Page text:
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The micromechanics of shear thickening fluids and their application as protective materials for medical professionals, first responders, football players, astronauts and spacecraft

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Location: 155 DeBartolo Hall

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Abstract:
Shear thickening colloidal and/or nanoparticle suspensions are commonly encountered in chemical and materials processing, and are also the basis of a technology platform for advanced, field responsive nanocomposites. In this presentation, I will review some of the experimental methods and key results concerning the micromechanics of colloidal suspension rheology. Micromechanics is the ability to predict the properties of complex systems from a colloidal or microscopic level description of the structure and forces. A fundamental understanding of colloidal suspension rheology and in particular, shear thickening, has been achieved through a combination of model system synthesis, rheological, rheo-optical and rheo-small angle neutron scattering (SANS) measurements, as well as simulation and theory (Colloidal Suspension Rheology Mewis and Wagner, Cambridge Univ. Press, 2012).

Shear thickening fluids (STFs) are novel field-responsive materials that can be engineered to be useful nanocomposites for enhanced ballistic and impact protection, puncture resistant medical gloves, energy absorbing materials for mitigating impacts and concussions, as well as in systems for mitigating micrometeoroid and orbital debris threats in space applications.  The development of commercial applications of STFs will be discussed. The rheological investigations and micromechanical modeling serve as a framework for the rational design of STF-based materials to meet specific performance requirements not easily achieved with more conventional materials.  (Phys. Today, Oct. 2009, p. 27-32) I will illustrate some technological applications of STFs under commercial development, including use in astronaut protection and application in the manned mission to Mars.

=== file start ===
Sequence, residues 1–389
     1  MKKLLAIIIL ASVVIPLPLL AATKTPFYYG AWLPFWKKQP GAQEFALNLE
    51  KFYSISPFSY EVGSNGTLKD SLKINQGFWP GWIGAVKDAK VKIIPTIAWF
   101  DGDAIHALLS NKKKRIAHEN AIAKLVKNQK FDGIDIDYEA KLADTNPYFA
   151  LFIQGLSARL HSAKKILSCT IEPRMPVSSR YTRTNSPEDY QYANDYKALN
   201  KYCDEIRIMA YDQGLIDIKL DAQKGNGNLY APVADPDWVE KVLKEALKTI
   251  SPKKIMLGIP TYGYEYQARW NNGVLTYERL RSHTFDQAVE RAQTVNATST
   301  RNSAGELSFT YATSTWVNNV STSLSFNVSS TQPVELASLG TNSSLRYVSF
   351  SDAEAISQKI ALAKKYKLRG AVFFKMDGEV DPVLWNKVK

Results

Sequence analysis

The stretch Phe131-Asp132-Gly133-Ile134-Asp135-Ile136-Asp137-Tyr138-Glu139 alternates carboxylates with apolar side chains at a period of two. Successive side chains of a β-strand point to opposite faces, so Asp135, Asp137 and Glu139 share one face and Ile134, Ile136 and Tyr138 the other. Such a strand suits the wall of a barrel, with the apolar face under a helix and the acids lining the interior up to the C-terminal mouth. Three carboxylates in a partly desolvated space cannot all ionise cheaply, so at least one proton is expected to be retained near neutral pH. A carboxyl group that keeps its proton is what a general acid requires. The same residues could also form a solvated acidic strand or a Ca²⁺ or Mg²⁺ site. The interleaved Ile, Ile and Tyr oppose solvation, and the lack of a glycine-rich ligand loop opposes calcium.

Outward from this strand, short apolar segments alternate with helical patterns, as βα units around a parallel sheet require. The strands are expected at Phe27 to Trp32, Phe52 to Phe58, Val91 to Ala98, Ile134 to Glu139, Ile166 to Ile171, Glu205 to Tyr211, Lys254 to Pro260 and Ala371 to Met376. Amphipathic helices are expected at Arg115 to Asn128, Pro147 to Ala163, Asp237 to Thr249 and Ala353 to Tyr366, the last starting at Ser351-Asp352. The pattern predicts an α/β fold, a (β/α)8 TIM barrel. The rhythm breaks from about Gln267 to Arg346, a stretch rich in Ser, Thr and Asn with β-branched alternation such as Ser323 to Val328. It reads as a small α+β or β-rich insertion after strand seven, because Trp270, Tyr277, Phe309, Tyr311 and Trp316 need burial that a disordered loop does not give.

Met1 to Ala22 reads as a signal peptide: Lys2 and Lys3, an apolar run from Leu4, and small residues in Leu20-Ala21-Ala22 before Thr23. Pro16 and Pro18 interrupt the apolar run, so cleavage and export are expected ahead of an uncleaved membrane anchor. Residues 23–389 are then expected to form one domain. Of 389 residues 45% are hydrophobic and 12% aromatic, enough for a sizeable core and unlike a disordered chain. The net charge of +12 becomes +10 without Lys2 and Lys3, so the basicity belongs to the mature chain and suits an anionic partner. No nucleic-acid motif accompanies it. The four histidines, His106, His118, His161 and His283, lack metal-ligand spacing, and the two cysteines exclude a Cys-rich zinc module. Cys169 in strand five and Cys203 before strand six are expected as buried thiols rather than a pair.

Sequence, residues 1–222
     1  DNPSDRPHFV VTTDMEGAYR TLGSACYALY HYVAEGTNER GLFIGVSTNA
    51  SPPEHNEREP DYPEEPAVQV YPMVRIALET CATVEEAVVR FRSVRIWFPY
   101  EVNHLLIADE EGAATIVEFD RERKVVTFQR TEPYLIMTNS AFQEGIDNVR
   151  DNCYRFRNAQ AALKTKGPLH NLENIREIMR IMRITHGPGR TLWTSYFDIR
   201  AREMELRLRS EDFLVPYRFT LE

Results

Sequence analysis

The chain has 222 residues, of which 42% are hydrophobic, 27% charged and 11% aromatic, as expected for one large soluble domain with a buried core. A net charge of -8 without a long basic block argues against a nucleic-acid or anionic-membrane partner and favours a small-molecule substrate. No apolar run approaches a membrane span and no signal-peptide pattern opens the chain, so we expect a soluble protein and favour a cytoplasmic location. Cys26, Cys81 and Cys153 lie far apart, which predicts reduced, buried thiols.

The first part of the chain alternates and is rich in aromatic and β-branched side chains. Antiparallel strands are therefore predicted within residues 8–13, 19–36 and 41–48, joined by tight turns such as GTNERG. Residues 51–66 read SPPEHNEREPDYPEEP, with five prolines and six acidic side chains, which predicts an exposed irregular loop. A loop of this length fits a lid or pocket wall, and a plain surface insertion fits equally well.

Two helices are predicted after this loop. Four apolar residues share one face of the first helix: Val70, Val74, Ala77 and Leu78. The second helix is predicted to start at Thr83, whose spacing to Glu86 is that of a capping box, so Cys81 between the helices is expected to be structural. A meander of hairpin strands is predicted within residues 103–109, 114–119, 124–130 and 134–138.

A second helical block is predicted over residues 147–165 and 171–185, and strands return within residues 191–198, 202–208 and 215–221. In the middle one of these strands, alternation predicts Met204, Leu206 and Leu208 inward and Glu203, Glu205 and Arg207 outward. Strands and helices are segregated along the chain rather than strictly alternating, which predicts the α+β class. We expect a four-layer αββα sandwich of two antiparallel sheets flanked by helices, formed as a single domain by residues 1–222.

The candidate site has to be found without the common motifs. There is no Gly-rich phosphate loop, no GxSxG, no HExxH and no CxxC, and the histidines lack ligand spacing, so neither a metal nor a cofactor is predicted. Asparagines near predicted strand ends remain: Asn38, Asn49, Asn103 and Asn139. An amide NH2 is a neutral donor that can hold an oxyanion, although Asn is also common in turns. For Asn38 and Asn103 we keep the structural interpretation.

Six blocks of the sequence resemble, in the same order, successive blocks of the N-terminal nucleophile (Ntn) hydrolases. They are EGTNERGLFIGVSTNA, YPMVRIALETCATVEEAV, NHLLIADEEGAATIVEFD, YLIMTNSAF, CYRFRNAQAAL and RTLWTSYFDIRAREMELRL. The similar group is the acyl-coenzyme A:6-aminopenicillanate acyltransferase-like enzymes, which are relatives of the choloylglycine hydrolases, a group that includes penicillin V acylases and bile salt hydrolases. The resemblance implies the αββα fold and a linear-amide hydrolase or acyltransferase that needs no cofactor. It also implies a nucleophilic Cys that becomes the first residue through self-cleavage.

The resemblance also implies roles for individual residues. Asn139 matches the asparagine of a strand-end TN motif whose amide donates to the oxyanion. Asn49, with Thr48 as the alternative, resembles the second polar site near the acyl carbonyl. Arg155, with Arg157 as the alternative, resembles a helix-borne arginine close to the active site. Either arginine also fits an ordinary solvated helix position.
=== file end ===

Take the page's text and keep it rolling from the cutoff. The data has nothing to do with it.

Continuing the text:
Seminar Speaker:

Dr. Norman J. Wagner,

Unidel Robert L. Pigford Chair in Chemical & Biomolecular Engineering, University of Delaware

Norman J. Wagner is the Unidel Robert L. Pigford Chair in Chemical Engineering at the University of Delaware, with affiliated faculty appointments in Physics and Astronomy, as well as Biomechanics and Movement Science. He is President of the Society of Rheology (American Institute of Physics Member Society), is the co-founder and director of the Center for Neutron Science www.cns.che.udel.edu, and served as Chair of the CBE Department from 2007-2012.  He was elected to the National Academy of Inventors in 2016 and the National Academy of Engineering in 2015. He leads an active research group with focus on the rheology of complex fluids, neutron scattering, colloid and polymer science, applied statistical mechanics, nanotechnology and particle technology. His research interests include the effects of applied flow on the microstructure and material properties of colloidal suspensions, polymers, self-assembled surfactant solutions, and complex fluids. Prof. Wagner earned his Bachelors degree from Carnegie Mellon and Doctorate from Princeton University, was an NSF/NATO Postdoctoral Fellow in Germany, and a Director’s Postdoctoral Fellow at Los Alamos National Lab prior to joining the University of Delaware in 1991. More about Professor Wagner and his research can be found at www.cbe.udel.edu/wagner